Razer Blade Stealth review: ultrabook gets cheaper, more powerful
The original Razer Blade Stealth made an impact as a 12.5-inch Windows laptop that seemed determined to match or beat Apple's 12-inch MacBook at every turn — from specs to design to portability to price — and in my opinion it succeeded.
The recently-released refreshed version of the machine pushes the boundaries of the small form factor even further.
The new Stealth looks identical to the old one. Combining a sleek, super-sturdy black metal frame with individually lit RGB keys, it's up to you if you want to keep things stealthy with plain white, green or any other colour keys, or you can go nuts with bright neons, rainbow waves or reactive animations as you type.
* PC market dead? Not for gaming
* How to make money from gaming
* Kiwis like games but don't call them gamers
It's a gimmick you usually only see on keyboards and laptops meant specifically for gaming, but it does wonders for productivity too (not to mention aesthetics). For example you can easily set the keys to change their lighting pattern so that every time you open Photoshop your favourite shortcut keys are colour-coded.
Once again keys are spaced nicely and are comfortable to type on, but only as far as you can expect on such a light and thin ultrabook.
The stealth weighs in at 1.29kg and is a mere 13mm thick, and consequently key travel is shallow enough that long sessions of typing had me feeling some fatigue. The touchpad is a similar story, it feels great and works perfectly but bigger would be nicer. Thankfully the screen is multi-touch so even if you're not packing a mouse you can get around OK.
Elsewhere you still have the two standard USB 3.0 ports plus a full sized HDMI, and a Thunderbolt 3 port for fast charging, DisplayPort or USB-C devices.
Inside, the machine follows the exact philosophy of its 2016 forbear but with a few slight upgrades in just the right places.
It still runs an Intel i7 processor, but this time it's a 7th Gen Kaby Lake chip. It's clocked slightly higher than last year's CPU at 2.7Ghz (turbo to 3.5GHz). Subsequently it also packs integrated Intel graphics (like pretty much all ultrabooks), but it's had a bit of a bump from the HD 520 to the HD 620. All models of the Stealth now come with a healthy 16GB of RAM.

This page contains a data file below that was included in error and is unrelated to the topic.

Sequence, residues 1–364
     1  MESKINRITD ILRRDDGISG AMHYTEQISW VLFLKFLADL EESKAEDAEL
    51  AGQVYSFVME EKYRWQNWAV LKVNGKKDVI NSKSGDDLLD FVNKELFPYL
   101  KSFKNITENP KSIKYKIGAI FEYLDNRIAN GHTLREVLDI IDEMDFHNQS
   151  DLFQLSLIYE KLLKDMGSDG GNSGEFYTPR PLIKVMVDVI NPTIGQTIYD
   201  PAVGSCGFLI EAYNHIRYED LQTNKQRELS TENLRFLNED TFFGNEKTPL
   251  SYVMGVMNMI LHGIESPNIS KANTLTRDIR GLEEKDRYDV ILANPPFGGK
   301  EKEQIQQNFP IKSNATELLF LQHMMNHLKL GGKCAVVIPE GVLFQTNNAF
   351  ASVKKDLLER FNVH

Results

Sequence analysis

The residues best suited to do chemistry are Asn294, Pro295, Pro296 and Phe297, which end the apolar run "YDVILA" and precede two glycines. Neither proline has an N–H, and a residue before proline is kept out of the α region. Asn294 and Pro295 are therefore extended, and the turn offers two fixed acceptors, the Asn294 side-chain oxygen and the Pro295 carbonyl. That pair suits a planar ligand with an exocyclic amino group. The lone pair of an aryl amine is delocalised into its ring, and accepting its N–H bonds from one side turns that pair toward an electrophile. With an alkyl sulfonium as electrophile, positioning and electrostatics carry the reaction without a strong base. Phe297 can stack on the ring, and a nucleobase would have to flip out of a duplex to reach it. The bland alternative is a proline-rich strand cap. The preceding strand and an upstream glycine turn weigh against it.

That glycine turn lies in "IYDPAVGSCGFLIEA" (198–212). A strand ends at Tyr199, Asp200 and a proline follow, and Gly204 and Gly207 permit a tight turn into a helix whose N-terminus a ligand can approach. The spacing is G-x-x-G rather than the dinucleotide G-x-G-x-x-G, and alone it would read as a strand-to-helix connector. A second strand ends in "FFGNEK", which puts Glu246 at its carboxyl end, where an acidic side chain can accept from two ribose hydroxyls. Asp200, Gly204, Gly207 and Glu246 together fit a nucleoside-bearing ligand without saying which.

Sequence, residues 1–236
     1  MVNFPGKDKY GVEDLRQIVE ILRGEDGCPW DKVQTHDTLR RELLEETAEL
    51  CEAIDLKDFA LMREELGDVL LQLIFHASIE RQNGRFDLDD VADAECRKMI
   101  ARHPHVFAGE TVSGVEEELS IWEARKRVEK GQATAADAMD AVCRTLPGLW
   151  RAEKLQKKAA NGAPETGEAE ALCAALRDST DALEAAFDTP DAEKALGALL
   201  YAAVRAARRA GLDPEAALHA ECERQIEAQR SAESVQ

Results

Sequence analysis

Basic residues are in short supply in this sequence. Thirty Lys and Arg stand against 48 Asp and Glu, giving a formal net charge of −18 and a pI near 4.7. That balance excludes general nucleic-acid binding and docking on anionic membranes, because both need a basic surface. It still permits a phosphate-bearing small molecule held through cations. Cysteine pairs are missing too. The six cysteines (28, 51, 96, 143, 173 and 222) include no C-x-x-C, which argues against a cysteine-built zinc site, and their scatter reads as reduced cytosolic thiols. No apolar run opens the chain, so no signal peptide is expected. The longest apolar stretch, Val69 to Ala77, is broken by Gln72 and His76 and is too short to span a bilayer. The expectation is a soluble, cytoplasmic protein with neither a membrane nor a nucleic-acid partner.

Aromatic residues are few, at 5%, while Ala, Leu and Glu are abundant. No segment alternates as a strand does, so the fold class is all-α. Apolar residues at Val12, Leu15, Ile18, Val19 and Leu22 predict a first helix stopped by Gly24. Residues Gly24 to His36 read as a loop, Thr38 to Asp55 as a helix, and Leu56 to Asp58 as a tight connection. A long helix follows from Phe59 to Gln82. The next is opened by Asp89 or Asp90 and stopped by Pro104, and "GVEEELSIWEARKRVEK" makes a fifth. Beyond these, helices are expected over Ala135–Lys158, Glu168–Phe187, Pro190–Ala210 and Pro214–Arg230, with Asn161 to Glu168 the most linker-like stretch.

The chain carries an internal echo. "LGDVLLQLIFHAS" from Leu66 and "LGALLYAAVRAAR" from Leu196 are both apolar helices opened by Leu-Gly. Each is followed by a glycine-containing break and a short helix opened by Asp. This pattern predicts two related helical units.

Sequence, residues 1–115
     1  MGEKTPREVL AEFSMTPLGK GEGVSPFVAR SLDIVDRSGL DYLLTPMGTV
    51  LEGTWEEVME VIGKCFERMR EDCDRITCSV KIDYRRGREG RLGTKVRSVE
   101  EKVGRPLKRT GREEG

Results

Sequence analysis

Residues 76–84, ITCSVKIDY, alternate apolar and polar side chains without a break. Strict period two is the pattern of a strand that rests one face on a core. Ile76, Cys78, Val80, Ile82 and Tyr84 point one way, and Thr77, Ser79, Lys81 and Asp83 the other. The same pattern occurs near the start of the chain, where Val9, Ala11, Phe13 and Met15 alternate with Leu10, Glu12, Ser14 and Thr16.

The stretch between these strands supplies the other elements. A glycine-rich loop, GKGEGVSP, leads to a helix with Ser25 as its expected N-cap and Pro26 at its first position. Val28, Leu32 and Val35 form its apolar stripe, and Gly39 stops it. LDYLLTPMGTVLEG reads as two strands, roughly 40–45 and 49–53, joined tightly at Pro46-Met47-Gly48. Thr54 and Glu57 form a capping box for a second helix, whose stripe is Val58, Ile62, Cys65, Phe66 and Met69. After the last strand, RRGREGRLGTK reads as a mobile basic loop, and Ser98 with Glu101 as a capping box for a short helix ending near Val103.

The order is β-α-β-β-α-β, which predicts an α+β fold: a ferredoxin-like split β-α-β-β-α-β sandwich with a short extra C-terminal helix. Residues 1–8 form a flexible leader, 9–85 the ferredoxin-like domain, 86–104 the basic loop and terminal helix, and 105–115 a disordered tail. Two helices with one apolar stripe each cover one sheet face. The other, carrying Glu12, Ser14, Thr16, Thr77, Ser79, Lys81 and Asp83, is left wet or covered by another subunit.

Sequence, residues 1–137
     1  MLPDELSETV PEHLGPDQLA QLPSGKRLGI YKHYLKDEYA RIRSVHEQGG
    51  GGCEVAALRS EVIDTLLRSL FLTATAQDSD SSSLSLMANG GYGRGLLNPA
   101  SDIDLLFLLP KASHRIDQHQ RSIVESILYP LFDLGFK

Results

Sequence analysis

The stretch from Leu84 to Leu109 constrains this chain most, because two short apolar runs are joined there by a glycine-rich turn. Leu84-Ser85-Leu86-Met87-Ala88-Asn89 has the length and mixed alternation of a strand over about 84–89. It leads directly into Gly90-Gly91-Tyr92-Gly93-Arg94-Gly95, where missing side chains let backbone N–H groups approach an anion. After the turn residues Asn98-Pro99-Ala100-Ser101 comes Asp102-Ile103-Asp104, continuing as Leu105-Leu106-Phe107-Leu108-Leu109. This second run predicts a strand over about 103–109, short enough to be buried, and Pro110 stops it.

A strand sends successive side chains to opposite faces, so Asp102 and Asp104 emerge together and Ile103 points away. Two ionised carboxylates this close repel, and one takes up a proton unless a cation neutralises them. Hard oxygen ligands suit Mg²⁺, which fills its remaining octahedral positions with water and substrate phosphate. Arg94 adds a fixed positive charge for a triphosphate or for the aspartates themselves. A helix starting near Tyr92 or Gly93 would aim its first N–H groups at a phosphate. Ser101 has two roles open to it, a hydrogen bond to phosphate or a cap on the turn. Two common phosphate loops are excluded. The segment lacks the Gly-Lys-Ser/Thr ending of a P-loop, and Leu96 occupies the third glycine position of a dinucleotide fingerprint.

So what does the machine's extra grunt mean in real world terms? Well for starters the Kaby Lake makes this thing a multi-tasking beast, with the ability to handle a number of browser tabs that would have buckled last year's model. All your standard productivity and entertainment tasks — like office software and streaming video — are buttery smooth.
Without a dedicated GPU, an ultrabook is probably not for you if you need to do graphics-intensive work or are looking for a portable gaming station, but within its category the Stealth does very well. If all you want to do is play a few rounds of Overwatch, and you're happy to crank the settings down, there's more than enough grunt here.
In other territories Razer offers a product known as the Core, which fits a standard desktop graphics card and can plug seamlessly into the stealth for serious graphics power when you're at home. Unfortunately there's still no word on when the Core might make it down under.
Overall, the reduction in price and increase in specs has pushed the Stealth to the head of the pack when it comes to small laptops, with the 256GB Stealth weighing up favourably with comparable Dell XPS 13 and MacBook models.
The cheapest XPS 13 model comes with a 7th Gen i7, and it packs half the RAM of the Stealth (8GB) and no touchscreen. Meanwhile the MacBook, also with 8GB of RAM, comes with a much slower Core M3 mobile chipset.
As with last time, the only real achilles heel of the Stealth is its battery life, which Razer has clearly sacrificed at the altar of more powerful internals. You're looking at eight hours maximum which, to put it bluntly, is below average for this product category. You can kill it in two if you try.
The company has recently announced a huge battery pack that can charge your laptop and phone, which might boost your Stealth's life to 15 hours, but that kind of defeats the purpose of a super-light laptop.
Being cheaper and more powerful than the competition, the beautiful Stealth represents a great value. But if getting a whole working day out of your lightweight travel computer without plugging in is important to you, this might be a stretch.
- Sydney Morning Herald